Gravlax on Rye w. Lemon Butter & Mustard Sauce
During visits to Finland I get a small thrill when I see those little cured salmon sandwiches behind glass counters at cafes everywhere. Actually, visit any of the neighbouring Nordic countries - Sweden, Denmark, Norway - and you'll see these little crafted sandwiches everywhere from airports and train stations to the gaudy dining room at a fancy hotel brunch. Always served open-faced on dark rye and garnished beautifully, they're like the Nordic answer to the Spanish tapa.
Serves 4-6 people. Best served for brunch or as an appetizer.
Two x 3/4-pound fillets of Atlantic salmon, skin on
3 tsp peppercorns, whole
1 1/2 tsp coriander seeds, whole
3 tbsp kosher salt
3 tsp sugar
1 1/2 cup (one large bunch) fresh dill, chopped finely
150g unsalted butter
3/4 tsp sea salt
1/2 tsp crushed peppercorn
3/4 tsp lemon zest
2 tbsp fresh dill, chopped finely
2 tbsp Dijon mustard
1 tbsp honey
1 tbsp white wine vinegar
3 tbsp canola or sunflower seed oil
2 tbsp fresh dill, chopped finely
1/4 tsp sea salt
1 tsp potato flour
Prepare the salmon 1 to 4 days ahead of serving. If you've got your salmon fillets pre-cut at the fish shop, great. If you've got a whole front or back half of a salmon you'll need to fillet it prior to curing.
Prepare the flavour mix. Put a heavy skillet on a medium heat and drop in the peppercorns and coriander seeds until they're fragrant, about 3 minutes. Remove from the heat and crush them with a pestle and mortar along with the salt and sugar. Place the fragrant mixture into a bowl with the dill and toss.
Prepare the salmon fillets for curing. Using the point of a small sharp knife, poke ten small holes into the skin side of the fillets. Take an 8x11-inch glass dish (with sides at least 2 inches tall) and coat the bottom with 1/3 of the dill mixture. Place the fillets on top, skin side down. Now coat the top of the fillets with the remaining dill mixture and cover the glass dish with plastic wrap. Find some heavy cans (soup, tomato, any will do) and place them on top of the salmon. Put it in the fridge and leave to cure for at least 24 hours and up to 4 days.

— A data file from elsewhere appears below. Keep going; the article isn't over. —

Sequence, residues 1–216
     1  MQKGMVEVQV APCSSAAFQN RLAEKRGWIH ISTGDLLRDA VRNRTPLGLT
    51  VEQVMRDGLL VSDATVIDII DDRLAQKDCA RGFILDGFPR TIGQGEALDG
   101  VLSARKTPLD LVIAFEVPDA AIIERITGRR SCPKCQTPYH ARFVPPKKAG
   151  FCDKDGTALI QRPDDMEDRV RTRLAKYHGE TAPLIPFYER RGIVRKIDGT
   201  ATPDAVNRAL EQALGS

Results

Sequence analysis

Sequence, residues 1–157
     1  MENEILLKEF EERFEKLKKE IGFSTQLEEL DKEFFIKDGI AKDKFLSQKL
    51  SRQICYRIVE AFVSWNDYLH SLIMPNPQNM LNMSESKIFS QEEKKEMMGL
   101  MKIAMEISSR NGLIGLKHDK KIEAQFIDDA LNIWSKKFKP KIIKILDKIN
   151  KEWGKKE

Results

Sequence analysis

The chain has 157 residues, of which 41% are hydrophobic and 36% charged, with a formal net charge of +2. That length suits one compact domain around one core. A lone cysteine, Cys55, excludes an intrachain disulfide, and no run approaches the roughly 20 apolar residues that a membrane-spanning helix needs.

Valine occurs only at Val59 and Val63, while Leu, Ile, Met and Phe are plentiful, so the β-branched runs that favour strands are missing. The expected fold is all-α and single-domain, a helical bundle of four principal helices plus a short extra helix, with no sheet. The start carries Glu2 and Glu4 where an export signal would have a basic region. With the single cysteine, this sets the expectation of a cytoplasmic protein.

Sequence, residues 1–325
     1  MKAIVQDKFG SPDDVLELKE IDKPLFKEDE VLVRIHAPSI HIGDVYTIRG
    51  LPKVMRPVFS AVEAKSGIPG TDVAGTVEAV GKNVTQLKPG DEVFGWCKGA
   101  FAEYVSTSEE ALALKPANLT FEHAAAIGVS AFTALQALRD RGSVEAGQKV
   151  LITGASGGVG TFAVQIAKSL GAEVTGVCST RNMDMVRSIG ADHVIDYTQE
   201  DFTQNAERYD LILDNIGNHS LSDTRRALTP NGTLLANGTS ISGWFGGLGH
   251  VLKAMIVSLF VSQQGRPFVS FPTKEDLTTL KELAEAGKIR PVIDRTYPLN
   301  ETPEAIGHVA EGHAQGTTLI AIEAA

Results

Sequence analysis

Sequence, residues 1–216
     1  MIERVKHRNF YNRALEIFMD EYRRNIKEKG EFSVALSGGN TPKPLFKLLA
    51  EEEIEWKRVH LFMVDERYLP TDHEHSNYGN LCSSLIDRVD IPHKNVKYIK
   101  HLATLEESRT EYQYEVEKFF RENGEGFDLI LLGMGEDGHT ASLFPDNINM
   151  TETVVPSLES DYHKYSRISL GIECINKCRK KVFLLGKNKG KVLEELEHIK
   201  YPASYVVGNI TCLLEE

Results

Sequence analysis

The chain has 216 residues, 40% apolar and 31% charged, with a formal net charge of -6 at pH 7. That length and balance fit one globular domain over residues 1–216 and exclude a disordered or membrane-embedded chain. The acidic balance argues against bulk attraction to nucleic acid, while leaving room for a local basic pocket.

Meanwhile.... you can prepare the lemon butter and mustard sauce up to two days ahead of time.
For the lemon butter: place the softened butter in the bowl of a stand mixture and heat it slowly above a stove top (without direct contact). Place the bowl under the mixer and mix on low speed with the paddle attachment until the butter reaches a creamy consistency and holds a peak. Throw in the salt, pepper, lemon zest, and dill. Put the butter in a serving dish and leave it in the fridge for up to a day.
For the mustard sauce: place the mustard, honey, vinegar, and oil into a bowl and whisk. Throw the salt, dill, and lemon zest into the mixture and stir. If you want to thicken the sauce, dust sifted potato flour into the sauce and whisk until it reaches the desired consistency.
When the gravlax is ready, remove from the fridge and unwrap the plastic coating. Scrape off the dill coating and discard (it's okay if you don't get all of it). Using a very sharp knife, cut thin slices of salmon at a 45 degree angle. Don't cut all the way through the skin (this will be very difficult to do, anyways). You want to stop at the skin and remove the slice from here.
For serving, place a couple bite-sized slices onto a piece of buttered rye bread (use the creamy lemon butter). Always serve with a lemon wedge. A sprig of fresh dill and a bit of red onion wouldn't go astray, either. From here, additional toppings can be added as you please (see the suggestions below). To slice the veggies, it helps enormously to have a mandolin to get the slices very thin. For an extra burst of flavour, try quick-pickling the veg - it's amazing with the fresh and salty salmon.
Suggestions for toppings:
Suggestions for sides:
Suggestions for drink pairings: